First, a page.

The 140-year-old textile group called in administrators on August 15 after failing to persuade the PPF to take a payment and a stake in the company in exchange for its pension liabilities. KPMG said it expects to sell the UK knitwear arm, which employs 180 people in Hawick, as a going concern after 35 expressions of interest.
Dawson's chairman David Bolton, installed by major shareholder Peter Gyllenhammar's Leeds Group in 2009, accused the PPF of sinking the business and, in one interview, of having "no responsibility to anyone, certainly not to employment".
Mr Bolton and Leeds Group claim the Pensions Regulator and the PPF dragged out negotiations for more than a year and failed to engage transparently with the company, despite standing to gain more from taking cash and a stake in the firm than from its insolvency.
But the PPF said: "We have a series of principles which are well-known to all advisers, insolvency practitioners, and reconstruction specialists."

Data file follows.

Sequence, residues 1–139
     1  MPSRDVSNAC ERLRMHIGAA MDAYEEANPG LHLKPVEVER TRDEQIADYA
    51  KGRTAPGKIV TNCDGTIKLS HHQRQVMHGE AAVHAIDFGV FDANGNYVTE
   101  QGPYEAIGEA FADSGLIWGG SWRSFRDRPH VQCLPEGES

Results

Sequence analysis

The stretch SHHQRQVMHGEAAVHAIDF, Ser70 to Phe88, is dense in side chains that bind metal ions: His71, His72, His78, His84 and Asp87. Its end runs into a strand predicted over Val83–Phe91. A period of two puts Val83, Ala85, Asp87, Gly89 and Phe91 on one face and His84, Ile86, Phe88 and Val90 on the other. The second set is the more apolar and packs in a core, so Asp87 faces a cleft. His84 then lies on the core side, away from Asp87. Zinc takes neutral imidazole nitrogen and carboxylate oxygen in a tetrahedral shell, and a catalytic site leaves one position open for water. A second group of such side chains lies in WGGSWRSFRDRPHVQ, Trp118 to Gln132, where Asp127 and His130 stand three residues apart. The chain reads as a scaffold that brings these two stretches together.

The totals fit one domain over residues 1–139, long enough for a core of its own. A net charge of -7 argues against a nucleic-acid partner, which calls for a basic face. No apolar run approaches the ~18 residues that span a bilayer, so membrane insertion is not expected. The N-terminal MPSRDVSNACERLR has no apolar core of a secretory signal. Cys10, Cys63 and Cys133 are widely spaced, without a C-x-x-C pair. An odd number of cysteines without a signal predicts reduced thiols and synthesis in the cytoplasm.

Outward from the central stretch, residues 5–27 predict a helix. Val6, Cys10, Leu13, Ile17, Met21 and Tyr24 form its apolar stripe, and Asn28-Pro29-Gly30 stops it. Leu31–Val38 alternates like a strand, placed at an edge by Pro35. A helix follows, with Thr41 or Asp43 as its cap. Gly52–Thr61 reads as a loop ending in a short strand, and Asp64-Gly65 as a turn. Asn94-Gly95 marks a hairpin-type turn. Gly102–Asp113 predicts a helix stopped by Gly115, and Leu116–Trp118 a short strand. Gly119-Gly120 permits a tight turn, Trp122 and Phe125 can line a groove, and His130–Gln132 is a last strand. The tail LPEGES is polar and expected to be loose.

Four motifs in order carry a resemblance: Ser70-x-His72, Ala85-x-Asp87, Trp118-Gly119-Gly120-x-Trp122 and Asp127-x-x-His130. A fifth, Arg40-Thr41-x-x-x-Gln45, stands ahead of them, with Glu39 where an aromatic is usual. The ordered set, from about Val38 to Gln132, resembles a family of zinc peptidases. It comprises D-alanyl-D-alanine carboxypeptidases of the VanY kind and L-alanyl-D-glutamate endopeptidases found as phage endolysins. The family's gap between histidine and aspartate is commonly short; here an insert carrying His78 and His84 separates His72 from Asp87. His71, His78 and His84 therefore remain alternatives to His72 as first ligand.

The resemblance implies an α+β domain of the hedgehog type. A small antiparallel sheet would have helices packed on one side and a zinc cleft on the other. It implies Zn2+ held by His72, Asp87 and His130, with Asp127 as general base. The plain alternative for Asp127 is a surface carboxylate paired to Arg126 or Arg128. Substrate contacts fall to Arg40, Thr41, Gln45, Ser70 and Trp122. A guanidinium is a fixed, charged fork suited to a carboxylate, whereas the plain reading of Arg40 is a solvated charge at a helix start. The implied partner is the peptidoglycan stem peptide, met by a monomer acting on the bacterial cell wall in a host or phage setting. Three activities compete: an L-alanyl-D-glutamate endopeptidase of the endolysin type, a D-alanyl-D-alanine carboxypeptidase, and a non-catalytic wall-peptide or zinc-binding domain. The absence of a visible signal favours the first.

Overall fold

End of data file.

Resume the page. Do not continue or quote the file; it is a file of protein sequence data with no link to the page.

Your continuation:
Sources say the sheer size of the Dawson pension deficit, calculated at £129m under the Section 75 rule, which shows the liability buy-out cost in today's market, compared with the Dawson balance sheet of around £6m, made it an extreme scenario for the PPF, which rarely lets firms keep trading.
"Nobody likes to see a business failing, but this business has not failed because of the PPF, it has been struggling for many years," an observer said. "Every time they bought a business with a pension fund attached and every time they sold a business but kept the pension scheme and didn't put some of the proceeds into funding that gap but used them to keep the business running, they were storing up problems for the future."
A source close to the talks said although Dawson had been in discussions with its trustees and the regulator since last year, the PPF only became involved in June. He said: "The PPF will only intervene if it is convinced the deal offered by the company is significantly better than the deal from insolvency. There has to be a clear demonstrable market value in keeping the company alive in its current form, and it remains to be seen whether that is the case here."
Dawson's administrators have been encouraged by the level of UK and international interest.
Blair Nimmo, head of restructuring at KPMG, said: "We will now be assessing the bids we have received and speaking to the various parties who have expressed their interest in acquiring the business. We remain confident of achieving a sale in the near future."